To be honest, we’ve stopped counting the days that we’ve been stuck at home because of the enhanced community quarantine period (ECQ). After all, what’s the point? Being down over our predicament isn’t going to help the days go by faster anyway.
Chances are you feel the same way now. But it wasn’t always this easy to get a grip, especially during the first few weeks of the ECQ when there were more question marks surrounding the situation than answers.
If you can relate, here are the five stages of what we believe to be an accurate depiction of what car guys have been going through the past two months.
ECQ day one: Denial
No public transportation? No driving out? They can’t do that, can they? Is this for real?
Nah, there’s no way. I give it less than a week before they backtrack on this Luzon-wide ultra-enhanced superior community—whatever it is they’re calling it this time around. That meet-up should push through next week, and I should probably get back to Mark to tell him the shoot on Monday is still a go.
For real, though, they can’t do that right? Can they? Nah, there’s no way. Can they, though? For real?
I want milk tea.
ECQ day 15: Anger
God f****** damn it. Turns out they could.
No Trans Sport Show, no car club, no fun runs—no nothing. I swear if Mr. Glass-half-full makes another witty remark about cheap fuel and open roads in the car club chat, I’m going to drive straight through every checkpoint I see just to get to his house and—never mind.
By the way, where the hell did all the damn bananas go? I haven’t seen a single one in the supermarket since all of this started!
ECQ day 25: Bargaining
My wife has hidden the keys. I don’t blame her—you can only mess up the weekly grocery run so many times before you’re forced to surrender household driving privileges entirely. Aren’t potato chips a basic food group? It is what it is.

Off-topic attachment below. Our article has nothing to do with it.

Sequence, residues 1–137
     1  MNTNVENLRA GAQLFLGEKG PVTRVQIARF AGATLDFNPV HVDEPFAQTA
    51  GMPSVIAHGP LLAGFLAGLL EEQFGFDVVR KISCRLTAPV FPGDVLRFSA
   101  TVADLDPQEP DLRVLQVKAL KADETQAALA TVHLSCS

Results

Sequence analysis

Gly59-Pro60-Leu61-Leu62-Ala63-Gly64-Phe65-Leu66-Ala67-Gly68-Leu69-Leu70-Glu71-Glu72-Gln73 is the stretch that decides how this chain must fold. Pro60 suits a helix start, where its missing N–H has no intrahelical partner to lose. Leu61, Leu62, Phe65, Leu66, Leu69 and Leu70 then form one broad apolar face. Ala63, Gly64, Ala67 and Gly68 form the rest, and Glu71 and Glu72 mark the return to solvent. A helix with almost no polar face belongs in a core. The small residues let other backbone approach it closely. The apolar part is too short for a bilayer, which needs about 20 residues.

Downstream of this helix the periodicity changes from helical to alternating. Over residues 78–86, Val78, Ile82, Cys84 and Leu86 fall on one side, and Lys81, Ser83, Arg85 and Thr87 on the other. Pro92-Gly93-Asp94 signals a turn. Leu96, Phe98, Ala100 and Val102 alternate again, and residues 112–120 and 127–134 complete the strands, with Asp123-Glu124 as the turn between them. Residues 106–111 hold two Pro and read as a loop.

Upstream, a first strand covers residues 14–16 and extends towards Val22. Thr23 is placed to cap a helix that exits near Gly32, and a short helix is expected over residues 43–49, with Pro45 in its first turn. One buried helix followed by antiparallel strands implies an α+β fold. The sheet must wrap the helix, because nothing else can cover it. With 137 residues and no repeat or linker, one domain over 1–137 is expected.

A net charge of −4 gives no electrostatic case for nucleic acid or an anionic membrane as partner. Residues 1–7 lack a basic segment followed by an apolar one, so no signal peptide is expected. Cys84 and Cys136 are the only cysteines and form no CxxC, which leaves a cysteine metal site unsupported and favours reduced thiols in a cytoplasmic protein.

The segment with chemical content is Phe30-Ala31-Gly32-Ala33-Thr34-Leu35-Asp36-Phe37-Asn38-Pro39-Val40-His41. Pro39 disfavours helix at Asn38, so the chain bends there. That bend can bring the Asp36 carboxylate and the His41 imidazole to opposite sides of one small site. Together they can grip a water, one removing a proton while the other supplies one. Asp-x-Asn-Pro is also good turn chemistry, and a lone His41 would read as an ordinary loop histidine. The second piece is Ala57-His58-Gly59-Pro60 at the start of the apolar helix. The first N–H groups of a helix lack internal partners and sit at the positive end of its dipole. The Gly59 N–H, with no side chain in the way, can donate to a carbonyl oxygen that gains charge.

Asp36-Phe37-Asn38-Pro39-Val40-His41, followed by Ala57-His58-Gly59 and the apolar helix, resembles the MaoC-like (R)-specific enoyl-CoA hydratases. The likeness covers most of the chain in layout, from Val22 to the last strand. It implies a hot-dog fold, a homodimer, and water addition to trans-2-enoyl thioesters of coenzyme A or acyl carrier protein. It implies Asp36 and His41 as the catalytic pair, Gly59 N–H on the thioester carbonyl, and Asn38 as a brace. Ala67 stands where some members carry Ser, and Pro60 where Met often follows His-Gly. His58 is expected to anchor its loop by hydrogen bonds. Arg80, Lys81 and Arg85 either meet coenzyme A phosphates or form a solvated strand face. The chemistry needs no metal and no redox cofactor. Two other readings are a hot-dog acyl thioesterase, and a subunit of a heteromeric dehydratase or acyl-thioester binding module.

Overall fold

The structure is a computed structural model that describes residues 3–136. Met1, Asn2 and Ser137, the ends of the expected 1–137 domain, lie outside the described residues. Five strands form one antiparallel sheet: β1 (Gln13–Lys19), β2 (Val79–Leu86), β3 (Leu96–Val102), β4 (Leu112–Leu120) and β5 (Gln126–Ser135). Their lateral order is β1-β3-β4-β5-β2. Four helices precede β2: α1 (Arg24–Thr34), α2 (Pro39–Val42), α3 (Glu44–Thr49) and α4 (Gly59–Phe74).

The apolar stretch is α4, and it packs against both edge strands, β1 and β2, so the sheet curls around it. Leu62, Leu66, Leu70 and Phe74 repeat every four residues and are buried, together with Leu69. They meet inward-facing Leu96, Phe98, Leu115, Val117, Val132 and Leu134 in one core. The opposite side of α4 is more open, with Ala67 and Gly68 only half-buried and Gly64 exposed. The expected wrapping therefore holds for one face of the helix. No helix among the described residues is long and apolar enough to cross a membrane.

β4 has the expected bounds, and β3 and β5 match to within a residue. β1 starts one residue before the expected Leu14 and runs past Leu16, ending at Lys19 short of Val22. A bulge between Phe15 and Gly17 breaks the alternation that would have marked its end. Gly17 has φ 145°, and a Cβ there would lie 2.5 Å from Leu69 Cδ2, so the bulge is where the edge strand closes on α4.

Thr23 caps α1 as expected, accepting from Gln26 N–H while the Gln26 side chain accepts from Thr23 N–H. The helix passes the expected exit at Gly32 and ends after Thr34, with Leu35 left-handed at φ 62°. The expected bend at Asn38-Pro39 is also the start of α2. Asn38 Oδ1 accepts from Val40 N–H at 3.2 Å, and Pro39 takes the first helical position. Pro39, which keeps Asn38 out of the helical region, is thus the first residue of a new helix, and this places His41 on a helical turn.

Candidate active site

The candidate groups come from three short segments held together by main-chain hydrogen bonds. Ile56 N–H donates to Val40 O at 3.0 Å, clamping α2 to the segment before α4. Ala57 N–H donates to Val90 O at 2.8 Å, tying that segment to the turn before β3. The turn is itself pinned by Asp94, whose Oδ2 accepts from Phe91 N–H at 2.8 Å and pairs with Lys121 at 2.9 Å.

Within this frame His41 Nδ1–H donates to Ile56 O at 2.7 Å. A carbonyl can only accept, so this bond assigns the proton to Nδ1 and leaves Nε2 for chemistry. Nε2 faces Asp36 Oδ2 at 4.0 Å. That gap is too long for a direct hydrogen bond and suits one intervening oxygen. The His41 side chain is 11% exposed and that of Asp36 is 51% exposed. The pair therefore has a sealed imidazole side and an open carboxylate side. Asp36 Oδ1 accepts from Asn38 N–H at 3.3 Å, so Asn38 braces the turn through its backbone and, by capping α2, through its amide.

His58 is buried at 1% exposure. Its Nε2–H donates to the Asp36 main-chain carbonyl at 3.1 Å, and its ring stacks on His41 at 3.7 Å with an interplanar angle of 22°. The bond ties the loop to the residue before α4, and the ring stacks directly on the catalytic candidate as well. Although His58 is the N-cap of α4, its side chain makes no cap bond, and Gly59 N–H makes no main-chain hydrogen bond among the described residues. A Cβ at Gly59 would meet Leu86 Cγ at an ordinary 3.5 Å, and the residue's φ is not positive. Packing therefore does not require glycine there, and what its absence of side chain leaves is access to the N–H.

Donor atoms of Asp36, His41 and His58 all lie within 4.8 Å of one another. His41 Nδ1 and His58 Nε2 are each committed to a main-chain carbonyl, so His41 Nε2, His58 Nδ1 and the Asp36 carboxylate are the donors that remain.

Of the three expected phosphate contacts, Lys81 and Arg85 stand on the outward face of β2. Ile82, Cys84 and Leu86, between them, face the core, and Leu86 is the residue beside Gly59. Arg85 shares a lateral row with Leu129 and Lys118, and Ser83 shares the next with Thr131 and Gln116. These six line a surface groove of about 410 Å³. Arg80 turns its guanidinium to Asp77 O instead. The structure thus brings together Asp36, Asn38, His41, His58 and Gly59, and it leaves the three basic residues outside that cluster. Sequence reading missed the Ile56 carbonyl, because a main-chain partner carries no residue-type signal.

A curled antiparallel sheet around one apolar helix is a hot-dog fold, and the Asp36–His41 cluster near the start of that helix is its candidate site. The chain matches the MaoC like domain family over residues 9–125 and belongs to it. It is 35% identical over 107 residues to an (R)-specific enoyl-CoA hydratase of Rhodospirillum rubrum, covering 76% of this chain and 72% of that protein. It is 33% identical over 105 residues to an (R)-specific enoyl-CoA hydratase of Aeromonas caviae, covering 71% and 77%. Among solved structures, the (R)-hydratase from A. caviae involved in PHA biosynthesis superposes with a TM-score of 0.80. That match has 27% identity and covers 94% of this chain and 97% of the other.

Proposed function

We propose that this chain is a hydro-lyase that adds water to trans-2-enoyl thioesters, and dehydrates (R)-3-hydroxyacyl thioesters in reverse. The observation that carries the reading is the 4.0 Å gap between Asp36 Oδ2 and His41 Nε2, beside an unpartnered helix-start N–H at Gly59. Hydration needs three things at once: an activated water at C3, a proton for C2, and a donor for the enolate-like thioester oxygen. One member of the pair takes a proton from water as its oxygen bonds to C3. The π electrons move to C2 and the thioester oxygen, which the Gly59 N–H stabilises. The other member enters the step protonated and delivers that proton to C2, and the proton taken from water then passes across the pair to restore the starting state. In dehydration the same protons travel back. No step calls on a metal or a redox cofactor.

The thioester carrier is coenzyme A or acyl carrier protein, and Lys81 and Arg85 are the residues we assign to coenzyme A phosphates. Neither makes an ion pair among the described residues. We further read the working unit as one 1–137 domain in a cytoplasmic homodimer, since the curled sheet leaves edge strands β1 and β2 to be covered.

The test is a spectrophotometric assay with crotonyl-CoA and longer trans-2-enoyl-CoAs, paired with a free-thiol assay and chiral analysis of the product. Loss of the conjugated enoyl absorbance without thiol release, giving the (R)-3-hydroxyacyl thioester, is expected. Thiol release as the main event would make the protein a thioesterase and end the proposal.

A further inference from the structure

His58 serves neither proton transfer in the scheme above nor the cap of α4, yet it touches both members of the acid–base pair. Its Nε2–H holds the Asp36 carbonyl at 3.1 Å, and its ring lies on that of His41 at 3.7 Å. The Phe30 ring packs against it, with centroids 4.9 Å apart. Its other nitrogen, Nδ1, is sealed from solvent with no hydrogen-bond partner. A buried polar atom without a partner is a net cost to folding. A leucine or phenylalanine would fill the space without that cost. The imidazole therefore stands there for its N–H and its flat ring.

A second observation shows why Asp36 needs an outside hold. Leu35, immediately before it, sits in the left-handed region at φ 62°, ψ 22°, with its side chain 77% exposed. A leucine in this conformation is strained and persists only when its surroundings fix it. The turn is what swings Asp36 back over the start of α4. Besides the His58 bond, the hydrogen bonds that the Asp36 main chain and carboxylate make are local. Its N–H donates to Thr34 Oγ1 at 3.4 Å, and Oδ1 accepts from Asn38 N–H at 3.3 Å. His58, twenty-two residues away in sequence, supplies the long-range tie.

Maybe if I volunteer to drive her out I can get a couple of kilometers in circling the grocery parking lot while I wait. Or, I could barter three hours-worth of Netflix time in exchange for a quick “supply run” to the supermarket—I know she’s trying to catch up on the show she’s watching, so I like my odds here.
ECQ day 37: Depression
I have no idea what’s gotten into me. Every day I wake up, have breakfast, and end up sitting inside my garage for hours on end as a heavy feeling of worry and an unmistakable sense of dread slowly creeps up over me. Soaking in even the littlest enjoyments takes considerable effort now.
Frankly, it’s become a routine. I tear up at the thought of drives past, of twisty mountain roads and the sound of my car’s revving engine, and I break down at the prospect of another day without being behind the wheel. The fun run last month feels like it was last decade. Minutes feel like hours, hours feel like days, and there’s just doesn’t seem to be any end in sight.
ECQ day 49: Acceptance
Another extension, but if this is what it takes to put this pandemic behind us, then so be it. Thy will be done.
It’s been a difficult past couple of weeks, but I’ve come to embrace the mindset that every day we’re all keeping ourselves from getting behind the wheel is another day closer to finally beating COVID-19. Keeping out butts home is the least we can do to help flatten the curve—especially when you take into account that a lot of individuals don’t have the luxury of doing so.
ECQ day 2,936: Survival
My name is Max. My world is fire and blood. A road warrior searching for a righteous cause. As the world fell, each of us in our own way was broken. It was hard to know who was more crazy—me, or everyone else.